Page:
Oprah’s girls get 100% matric pass

oprah-text The first group of 72 girls to matriculate
from the Oprah Winfrey Leadership
Academy for Girls have achieved
a 100% pass rate.
(Image: panoramio.com)

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Wilma den Hartigh

The first group of 72 girls to matriculate from the Oprah Winfrey Leadership Academy for Girls have excelled in their national senior certificate exams, achieving a 100% pass rate and 188 distinctions.

This is a major accomplishment for the relatively new school, which opened its doors in 2007.

All the pupils from the Academy’s pioneer matric class will be attending university or enrolling for another form of tertiary education. Some pupils are pursuing admission to colleges or universities in the US.

The Oprah Winfrey Leadership Academy, a girls-only boarding school in Henley on Klip in the south of Johannesburg, was founded by Winfrey, an internationally renowned talk show host and philanthropist.

She established the school as part of her dream to provide educational and leadership opportunities tor academically gifted girls from disadvantaged backgrounds in South Africa.

The Academy is making a significant contribution by providing a world class education to the country’s young girls.

Teachers at the school share Winfrey’s vision of giving girls the opportunities they need to become future leaders in South Africa and the continent.

Since starting with grade seven and eight classes, the Academy has added a new high school grade each year. At the end of 2011, the school expected to have more than 300 girls enrolled from grades seven to twelve.

Bursaries and scholarships

In a media release, the Academy says that several pupils have been awarded full scholarships that cover university fees and residence.

Sharlotte Mkansi received a scholarship from the Department of Mining and Energy and will be studying geology and environmental science at the University of Pretoria.

Nonhlahla Kgwedi was awarded the Gallagher Scholarship for a degree in medicine at the University of Cape Town.

The Anglo-Coal Scholarship went to Magnolia van Wyk for a BA in accounting sciences at University of Cape Town. Juliet Mantso will be studying medicine at Stellenbosch University.

Accounting firm Ernst & Young awarded six scholarships to pupils to cover tuition and residence fees. The company will also provide the recipients with employment on completion of their degrees.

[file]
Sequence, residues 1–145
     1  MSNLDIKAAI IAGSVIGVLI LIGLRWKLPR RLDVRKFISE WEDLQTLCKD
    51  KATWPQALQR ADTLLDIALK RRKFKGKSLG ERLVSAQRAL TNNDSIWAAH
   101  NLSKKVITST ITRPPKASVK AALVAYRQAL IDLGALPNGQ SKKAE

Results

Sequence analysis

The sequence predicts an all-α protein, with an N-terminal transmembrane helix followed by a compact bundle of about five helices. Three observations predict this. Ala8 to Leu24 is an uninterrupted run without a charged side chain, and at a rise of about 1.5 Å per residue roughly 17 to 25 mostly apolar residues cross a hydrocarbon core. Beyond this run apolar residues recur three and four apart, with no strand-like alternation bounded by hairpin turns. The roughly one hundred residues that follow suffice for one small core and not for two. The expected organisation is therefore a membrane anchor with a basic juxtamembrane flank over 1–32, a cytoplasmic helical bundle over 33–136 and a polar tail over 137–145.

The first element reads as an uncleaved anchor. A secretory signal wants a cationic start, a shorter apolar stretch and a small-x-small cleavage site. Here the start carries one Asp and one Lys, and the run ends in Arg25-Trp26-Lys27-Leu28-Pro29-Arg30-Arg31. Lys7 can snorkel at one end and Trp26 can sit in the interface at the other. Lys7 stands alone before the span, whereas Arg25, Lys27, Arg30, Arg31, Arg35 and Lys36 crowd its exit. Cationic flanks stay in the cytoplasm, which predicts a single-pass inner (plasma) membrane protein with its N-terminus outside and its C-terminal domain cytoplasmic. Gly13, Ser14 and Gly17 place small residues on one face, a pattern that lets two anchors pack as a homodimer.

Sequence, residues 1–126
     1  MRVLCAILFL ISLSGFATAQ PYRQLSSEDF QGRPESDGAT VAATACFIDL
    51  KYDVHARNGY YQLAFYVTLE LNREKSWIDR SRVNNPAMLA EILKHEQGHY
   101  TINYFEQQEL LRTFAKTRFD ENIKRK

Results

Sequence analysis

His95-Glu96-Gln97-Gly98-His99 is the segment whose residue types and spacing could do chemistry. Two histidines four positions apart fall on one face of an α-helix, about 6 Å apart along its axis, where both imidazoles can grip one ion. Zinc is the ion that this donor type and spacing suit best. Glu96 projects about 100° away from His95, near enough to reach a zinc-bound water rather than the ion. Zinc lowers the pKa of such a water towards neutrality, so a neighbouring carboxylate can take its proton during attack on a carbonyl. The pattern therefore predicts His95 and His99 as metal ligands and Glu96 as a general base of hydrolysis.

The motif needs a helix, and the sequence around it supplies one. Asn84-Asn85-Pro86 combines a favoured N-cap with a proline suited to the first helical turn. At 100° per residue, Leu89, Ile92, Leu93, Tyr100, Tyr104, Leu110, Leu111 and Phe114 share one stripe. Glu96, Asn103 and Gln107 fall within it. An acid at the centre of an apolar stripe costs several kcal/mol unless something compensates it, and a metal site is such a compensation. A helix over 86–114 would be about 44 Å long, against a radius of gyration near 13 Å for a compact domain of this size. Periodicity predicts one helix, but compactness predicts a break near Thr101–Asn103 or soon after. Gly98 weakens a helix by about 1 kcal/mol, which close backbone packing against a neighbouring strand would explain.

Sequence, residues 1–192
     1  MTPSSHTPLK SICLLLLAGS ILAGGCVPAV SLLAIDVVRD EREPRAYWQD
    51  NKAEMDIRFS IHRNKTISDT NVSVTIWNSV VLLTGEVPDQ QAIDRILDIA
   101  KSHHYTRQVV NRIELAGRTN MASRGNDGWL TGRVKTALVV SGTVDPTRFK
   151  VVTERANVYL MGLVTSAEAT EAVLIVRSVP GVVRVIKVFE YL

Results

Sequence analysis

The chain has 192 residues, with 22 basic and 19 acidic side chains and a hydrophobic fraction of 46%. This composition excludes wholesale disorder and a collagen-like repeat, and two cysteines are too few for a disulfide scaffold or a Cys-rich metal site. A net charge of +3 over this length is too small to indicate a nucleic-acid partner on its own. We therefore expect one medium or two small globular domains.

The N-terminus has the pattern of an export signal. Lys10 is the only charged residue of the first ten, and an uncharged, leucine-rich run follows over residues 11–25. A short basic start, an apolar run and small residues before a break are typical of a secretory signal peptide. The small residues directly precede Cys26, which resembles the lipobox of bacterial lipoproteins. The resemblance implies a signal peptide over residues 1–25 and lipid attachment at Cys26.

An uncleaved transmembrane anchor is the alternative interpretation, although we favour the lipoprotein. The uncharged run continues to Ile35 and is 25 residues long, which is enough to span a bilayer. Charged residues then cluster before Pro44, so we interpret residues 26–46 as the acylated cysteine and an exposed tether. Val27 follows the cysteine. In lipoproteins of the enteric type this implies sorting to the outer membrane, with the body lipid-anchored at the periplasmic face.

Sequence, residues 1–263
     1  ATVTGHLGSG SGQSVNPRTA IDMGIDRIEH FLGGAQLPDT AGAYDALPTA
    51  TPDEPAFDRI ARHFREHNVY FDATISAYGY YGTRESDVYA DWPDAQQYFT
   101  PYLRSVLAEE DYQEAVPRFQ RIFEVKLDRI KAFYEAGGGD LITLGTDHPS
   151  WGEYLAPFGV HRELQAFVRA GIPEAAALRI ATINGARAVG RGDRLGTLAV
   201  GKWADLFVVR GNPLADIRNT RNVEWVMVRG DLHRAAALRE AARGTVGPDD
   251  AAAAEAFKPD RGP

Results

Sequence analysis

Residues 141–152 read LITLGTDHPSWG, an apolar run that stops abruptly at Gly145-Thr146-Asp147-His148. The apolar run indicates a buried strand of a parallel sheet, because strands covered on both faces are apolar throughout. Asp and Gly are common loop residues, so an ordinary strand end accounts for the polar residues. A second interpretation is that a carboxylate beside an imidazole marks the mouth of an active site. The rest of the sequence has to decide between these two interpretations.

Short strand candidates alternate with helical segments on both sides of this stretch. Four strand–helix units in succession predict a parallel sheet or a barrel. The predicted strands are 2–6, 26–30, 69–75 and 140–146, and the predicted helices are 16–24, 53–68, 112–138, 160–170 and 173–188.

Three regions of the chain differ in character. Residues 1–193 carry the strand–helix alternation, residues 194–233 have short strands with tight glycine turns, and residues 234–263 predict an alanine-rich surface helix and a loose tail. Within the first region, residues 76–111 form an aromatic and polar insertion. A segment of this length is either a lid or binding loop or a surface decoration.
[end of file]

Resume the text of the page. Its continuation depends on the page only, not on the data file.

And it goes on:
Some learners were awarded merit scholarships from universities, based on their Grade 11 results.

Sue Norval, the director of university guidance for South African universities, helped pupils from the Academy with the paperwork, admission forms and scholarship applications.

Wendy Chang, director of university guidance for the US, assisted pupils who were applying for tertiary institutions based in that country.

Innovative curriculum design

The Academy’s approach to learning is distinctive as it encourages pupils to be critical thinkers and nurtures their curiousity about the world.

The curriculum includes mathematics, natural science and technology, arts and culture, social economic and management sciences, life orientation and leadership, and languages.

Citizenship is an important value and pupils give back to the community through painting schools, reading to disadvantaged children and visiting old age homes.

This initiative teaches the girls how to be sensitive to the needs of others.

Education South Africa, a monthly educational publication distributed nationwide, featured the Academy in 2011. School head Anne van Zyl said in an interview that ‘servant leadership’ is an important value of the school.

“The girls can serve the school from within, in the residences or by leading co-curricular activities such as the computer club, peace group, the library, and community service groups,” Van Zyl said.

Recognition in high places

In 2007, former president Nelson Mandela praised Winfrey for her initiative in establishing the school and investing in the education of South African children.

Former US president, Bill Clinton featured the Academy in his 2007 book: Giving: How Each of Us Can Change the World, as an example of how to give back to the world.